Radney’s section serves to illustrate the complexities around the racial politics at work in Alabama in the late 1970s, just over a decade after the sit-ins and church bombings that marked the state as a battleground in the civil rights movement. Part of what attracted Lee to the case was the muddied alliances of the figures involved. This was a political story that was much less clear-cut than the one in To Kill a Mockingbird:
An alleged black serial killer who was also the victim of violence; a crusading white attorney who was also profiting off black death; crimes that looked like murder but were mostly tried as fraud; white and black lives that existed almost side by side in a small southern town but were worlds apart.
In her original conception of the book that became Mockingbird, Lee had wanted to tell a more nuanced story of southern racism, about the white Alabamians who simultaneously abhorred the KKK and opposed integration of any kind. Here was another chance for her to write about the contradictory views of the southerners she knew, and the layers of history at work in a trial of a black man who had shot another black man. It’s not clear that if she had published The Reverend, her perspective would have been as widely celebrated by her audience as the message of tolerance at the center of Mockingbird. After she started declining interviews, Lee let her book speak for her on almost everything, including the civil rights movement. “Lee’s real views were more complicated than any editor wanted to put in print,” Cep writes.
Furious Hours leaves questions like the one of Lee’s political views dangling among its many other mysteries. But what Cep doesn’t provide in answers, she makes up for in absorbing detours, like a navigator who knows where all the best roadside Americana is hidden. She discusses the spike in popularity of life insurance policies after the Civil War, the roots of true-crime writing in salacious pamphlet accounts of homicide trials, the stigmatization of voodoo practices in America, and a heated Alabama state senate race. The triumph of Furious Hours isn’t that Cep has solved either the puzzle of what happened to Lee’s book or the mechanics of Maxwell’s killings, but that she manages, in retracing Lee’s steps, to set herself many of the same reporting challenges Lee faced, exacerbated by the passing of a few decades, and still seems to clear many of those hurdles.
But then Cep encounters difficulties. There is no book. No matter Lee’s grand intentions, no matter the $5,000 she spent on a court transcript and the days she spent holed up in the Horseshoe Bend Motel, no matter how much she had mentioned the subject to her sources and friends, she never wrote The Reverend, so far as anyone can tell. Or maybe it’s more accurate to say that she never wrote it in a way that we can read it. By every account of the people close to her, Lee didn’t exactly stop writing. She was, for example, a prolific writer of spirited, amusing letters to her friends and, according to her sister Alice, always was writing something or other. Rather, Lee just stopped publishing, and may even have had a tendency to destroy her own work in frustration.
As Cep sums up, “Lee…was so elusive that even her mysteries have mysteries: not only what she wrote, but how; not only when she stopped, but why.” She spent years at her sister Louise’s house in Eufalua slowly working on the manuscript. She wrote one friend a letter that she had gotten two thirds of the way through writing the book before giving up. One Alexander City resident claimed, somewhat implausibly, to have seen the book’s cover. After his death, Radney’s family found in his possession one typed page of what seems to be Lee’s novelization of the story. But that’s all that’s left: scraps, rumors, and piles of research unassembled into any final product, now locked in Lee’s estate.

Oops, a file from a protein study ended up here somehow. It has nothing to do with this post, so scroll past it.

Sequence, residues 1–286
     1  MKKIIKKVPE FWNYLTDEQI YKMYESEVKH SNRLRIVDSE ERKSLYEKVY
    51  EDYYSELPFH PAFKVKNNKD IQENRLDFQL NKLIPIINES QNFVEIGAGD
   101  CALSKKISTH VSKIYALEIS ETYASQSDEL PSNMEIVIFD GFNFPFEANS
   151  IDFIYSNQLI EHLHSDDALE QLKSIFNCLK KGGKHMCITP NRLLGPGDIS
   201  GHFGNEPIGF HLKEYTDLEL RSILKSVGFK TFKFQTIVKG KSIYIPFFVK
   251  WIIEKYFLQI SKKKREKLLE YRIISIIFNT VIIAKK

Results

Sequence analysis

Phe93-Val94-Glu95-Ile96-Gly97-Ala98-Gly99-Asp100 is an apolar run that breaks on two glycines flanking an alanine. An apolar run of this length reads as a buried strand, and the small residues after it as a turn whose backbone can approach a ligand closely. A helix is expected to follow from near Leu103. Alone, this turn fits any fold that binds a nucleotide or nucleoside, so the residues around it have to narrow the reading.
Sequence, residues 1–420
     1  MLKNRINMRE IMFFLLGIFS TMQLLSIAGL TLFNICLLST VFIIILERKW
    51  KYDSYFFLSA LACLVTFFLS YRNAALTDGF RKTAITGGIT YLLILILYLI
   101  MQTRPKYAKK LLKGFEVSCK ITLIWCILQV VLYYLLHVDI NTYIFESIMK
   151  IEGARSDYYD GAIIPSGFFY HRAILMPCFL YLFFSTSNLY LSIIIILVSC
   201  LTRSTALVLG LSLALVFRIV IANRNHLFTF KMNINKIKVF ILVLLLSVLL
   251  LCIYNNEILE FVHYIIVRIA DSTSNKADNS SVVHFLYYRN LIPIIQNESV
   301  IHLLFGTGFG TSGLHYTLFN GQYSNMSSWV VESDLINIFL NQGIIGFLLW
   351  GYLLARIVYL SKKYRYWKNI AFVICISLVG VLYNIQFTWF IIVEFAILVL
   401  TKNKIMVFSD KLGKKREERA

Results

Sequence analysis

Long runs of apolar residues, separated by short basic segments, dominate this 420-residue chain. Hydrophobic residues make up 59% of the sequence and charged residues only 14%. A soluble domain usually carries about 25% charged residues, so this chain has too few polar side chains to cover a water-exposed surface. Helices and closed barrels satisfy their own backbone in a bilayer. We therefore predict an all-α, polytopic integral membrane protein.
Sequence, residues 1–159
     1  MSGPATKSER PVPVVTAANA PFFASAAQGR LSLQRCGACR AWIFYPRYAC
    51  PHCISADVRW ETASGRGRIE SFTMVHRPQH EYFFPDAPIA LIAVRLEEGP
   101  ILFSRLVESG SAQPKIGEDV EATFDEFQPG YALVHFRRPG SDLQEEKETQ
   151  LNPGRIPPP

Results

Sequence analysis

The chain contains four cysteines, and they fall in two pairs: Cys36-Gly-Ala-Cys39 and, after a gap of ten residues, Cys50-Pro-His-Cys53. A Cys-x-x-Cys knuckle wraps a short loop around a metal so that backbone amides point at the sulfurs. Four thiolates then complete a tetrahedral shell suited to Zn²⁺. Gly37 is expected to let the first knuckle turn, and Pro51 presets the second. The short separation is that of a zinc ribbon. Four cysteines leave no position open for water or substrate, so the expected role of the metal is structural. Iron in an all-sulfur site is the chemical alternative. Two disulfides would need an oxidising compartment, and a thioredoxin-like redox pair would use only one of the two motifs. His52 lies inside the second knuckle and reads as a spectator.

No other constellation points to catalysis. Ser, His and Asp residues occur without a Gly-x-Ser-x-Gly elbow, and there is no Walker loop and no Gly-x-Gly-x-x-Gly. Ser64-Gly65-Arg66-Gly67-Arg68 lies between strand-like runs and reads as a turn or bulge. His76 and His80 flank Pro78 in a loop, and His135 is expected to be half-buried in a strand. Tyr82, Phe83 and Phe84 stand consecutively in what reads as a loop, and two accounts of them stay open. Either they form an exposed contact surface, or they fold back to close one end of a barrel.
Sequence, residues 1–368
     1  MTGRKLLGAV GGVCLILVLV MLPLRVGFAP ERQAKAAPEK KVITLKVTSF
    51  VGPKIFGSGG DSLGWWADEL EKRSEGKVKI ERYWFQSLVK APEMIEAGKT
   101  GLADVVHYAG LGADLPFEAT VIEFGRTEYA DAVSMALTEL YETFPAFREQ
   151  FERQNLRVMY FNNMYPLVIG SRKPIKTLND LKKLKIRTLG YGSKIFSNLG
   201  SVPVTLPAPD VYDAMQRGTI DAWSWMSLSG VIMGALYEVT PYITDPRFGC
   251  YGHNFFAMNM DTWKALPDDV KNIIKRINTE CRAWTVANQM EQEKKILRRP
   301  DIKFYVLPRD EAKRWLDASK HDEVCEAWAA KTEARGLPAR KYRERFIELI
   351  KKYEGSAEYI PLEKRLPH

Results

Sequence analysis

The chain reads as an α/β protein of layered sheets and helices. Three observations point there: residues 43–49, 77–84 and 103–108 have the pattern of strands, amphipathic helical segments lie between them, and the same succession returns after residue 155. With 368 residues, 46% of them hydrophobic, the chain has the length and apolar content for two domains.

Plenty of works-in-progress end up discarded or forgotten in desk drawers, but there is something particularly poignant about Lee’s true-crime book that never was. “Unfinishedness is an emotional category as much as a chronological and aesthetic one,” Cep writes, and perhaps that is why the ending chapters of Furious Hours feel so charged, as Cep grapples with a series of murders without a clear methodology behind them, reporting notes scattered like unstrung beads, and a writer who never produced the work that her fans had so long awaited. There is no singular period, only a series of unsatisfying ellipses.
Here Cep turns more explicitly to a meditation on unfinished work, and the particular tragedy of unfulfilled potential. “Unfinishedness, like love and loss, comes in degrees,” she writes.
Something can be more unfinished or less: it can be a third of the way done or halfway done, but also halfway done for two years or halfway done for twenty. In a strange inversion, the closer to done a book is, the more unfinished, in this sense, it feels…. That is why, of all of Lee’s unfinished works, none feels as unfinished as The Reverend.
Lee had her struggles. Which one of them—alcohol, perfectionism, likely depression, loneliness, self-doubt, the crushing expectations to produce a follow-up to a novel that still sells millions of copies a year—kept her from publishing again is yet another mystery to add to the pile.
What we know is that at some point, probably not on a clear date so much as during a slow ebbing of weeks and months, Lee stopped trying to write The Reverend. But for a single letter to the editor of The New Yorker in April 2006 correcting some elements of the film Capote and another to O magazine about her love of books, she didn’t publish a word for decades. After a stroke in 2007, Lee moved permanently back to Monroeville. There she maintained her public silence until 2015, when, in a surprise announcement, HarperCollins revealed the publication of Go Set a Watchman. In the flutter of publicity that followed, Lee never addressed whether any newer work might also be published, despite her many readers’ hopes that the time for The Reverend had at last arrived. She died in her sleep a year later.